November 5th, 2011
Ooka Island Adventure is a brand new, comprehensive reading program for early readers (Pre-K to Grade 2) that incorporates sound principles for learning to read within an extraordinarily fun, game-like environment, complete with a motivating storyline and rewards that make learning fun for kids.
My children (like most) respond very well to game-based learning, so I was very excited to receive a subscription to review Ooka Island.
The 3-D computer-animated program features a compelling storyline – a villainous pig has taught his henchmen to read and used their increased mental prowess to capture the helpless (and illiterate) Ooka elves! Your child’s mission is to free the Ooka elves by ‘reading’ books (not really reading them in the pre-levels but I’ll get to that later) – and along the way they’ll also have fun phonics lessons, alphabet lessons, phonological awareness games, and a whole lot more. After the elves are freed, your child can play with them in the Pencil Playground – buy playground equipment, extra clothing, feed them snacks, and a lot more during their free play time (8 minutes that follows a 20 minute guided learning session).
My five-year-old has been using Ooka Island and she loves the fun games and the engaging storyline. Your child gets to pick their own avatar who goes through all the on-screen activities, and can change her clothes during free play time, go on the play equipment etc. so it’s as if your child is really on the island having adventures. The music is so catchy (we all get the theme song stuck in our heads), and she always ASKS to play Ooka Island – it’s really like a fun game for her, even though it includes very solid, comprehensive reading instruction.
She gets to earn stickers when she progresses through the activities (which are just plain fun in their own right), free Ooka elves, and unlock fun items for her Pencil Playground (even though the elves there are very hard to actually engage in play – some more work needed there). It’s very motivating and fun.
From my point of view as a mom I love the phonological awareness activities that help to build blending skills, like the Clumsy Whacky moving factory game where there are a bunch of items floating in a river, a voice sounds out a word slowly, and your child needs to put the parts together and click the item that is being said. There is also direct phonics teaching in the Cave of Sounds (although this doesn’t following a regular intensive phonics progression – they introduce two letter teams VERY early on, before even teaching all of the single letter sounds). There is even a jet-ski game that uses microphone recognition to determine if your child is saying the displayed sound correctly. There isn’t an easy way for me to skip ahead in the game and see how it works for older children, so I can only comment on the Pre-K levels that we’ve gone through ourselves. In all there are 24 levels that go from Pre-K all the way to Grade 2.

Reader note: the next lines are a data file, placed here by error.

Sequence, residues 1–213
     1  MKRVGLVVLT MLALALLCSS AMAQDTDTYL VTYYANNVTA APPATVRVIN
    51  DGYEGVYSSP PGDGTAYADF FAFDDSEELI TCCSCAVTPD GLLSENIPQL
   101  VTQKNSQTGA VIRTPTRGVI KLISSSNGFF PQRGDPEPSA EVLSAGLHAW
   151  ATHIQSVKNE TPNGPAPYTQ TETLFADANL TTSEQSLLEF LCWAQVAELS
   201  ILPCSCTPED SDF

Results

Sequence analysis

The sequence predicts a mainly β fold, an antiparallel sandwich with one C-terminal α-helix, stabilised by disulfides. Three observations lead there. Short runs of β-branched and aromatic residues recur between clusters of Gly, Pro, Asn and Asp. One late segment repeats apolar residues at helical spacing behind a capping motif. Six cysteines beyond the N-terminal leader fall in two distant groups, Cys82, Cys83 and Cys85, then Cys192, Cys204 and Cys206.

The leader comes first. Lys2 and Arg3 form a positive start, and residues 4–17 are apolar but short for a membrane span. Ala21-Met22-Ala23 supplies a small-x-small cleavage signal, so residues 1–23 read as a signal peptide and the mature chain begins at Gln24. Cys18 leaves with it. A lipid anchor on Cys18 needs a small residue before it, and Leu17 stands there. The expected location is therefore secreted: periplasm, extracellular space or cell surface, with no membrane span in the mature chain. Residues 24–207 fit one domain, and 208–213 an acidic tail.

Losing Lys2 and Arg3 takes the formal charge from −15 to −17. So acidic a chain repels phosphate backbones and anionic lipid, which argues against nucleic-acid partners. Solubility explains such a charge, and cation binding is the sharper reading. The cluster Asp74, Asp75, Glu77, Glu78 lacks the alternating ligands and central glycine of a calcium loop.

For the most part, my five-year-old could complete the learning activities independently, but there was one section of the program that she struggled with, and that I, as a dedicated phonics-mommy wasn’t keen on either.
In the Popcorn Library, children ‘read’ books in the early levels, by watching a story being read to them on the screen with words that are highlighted as they go. This is fine, my girls love digital ‘read to them’ stories, but what I DID NOT like was the emphasis on sight words that comes out of this reading activity. There are some pictorial comprehension questions that were fine, but then comes the, “Click on the word that says _____.” This frustrated my little five-year-old SO much, and it frustrated me too. I don’t think the activity is developmentally appropriate, and I DO NOT want to teach her to just guess at words when she isn’t even really blending yet .
For the most part, I was happy with Ooka Island – it’s very comprehensive; all the skill building activities blend well together (except for those sight words in the Popcorn Library). The phonological activities that lead to understanding of segmenting and blending are very promising, and I wish there was a way to do the program WITHOUT the sight word segments of the Popcorn Library. It would be really awesome if that was the case. As it is, I clearly have some mixed feelings about the program.
So, what does Ooka Island cost, and how does it work? After signing up for a subscription you’ll need to download a BIG program – 2 GB, so make sure you’re ready for that! It’s also a bit of a memory hog (and has some glitches and bugs that still need to be worked out, but there is supposed to be a patch coming for those soon), so close everything else before running it. You’ll need an internet connection for logging in and keeping track of your child’s progress, but once you have the download, it really doesn’t take much bandwidth.
For one child the pricing is $12.95 for one month, $59.95 for six months, or $99.95 for a year. For up to four children the price is $19.95 for one month, $99.95 for six months, or $129.95 for a year. You can find all of the pricing details and sign-up information here. There is even a 14-day free trial that you can sign up for to see if this program is a good fit for your family. If you like it, you can use this code LAUNCHSPECIAL30 to save 30% on a monthly subscription!
Don’t forget! You can also find many more TOS Crew reviews of Ooka Island Adventure here!
Disclosure: I received a 6 month subscription to Ooka Island for the purposes of this review.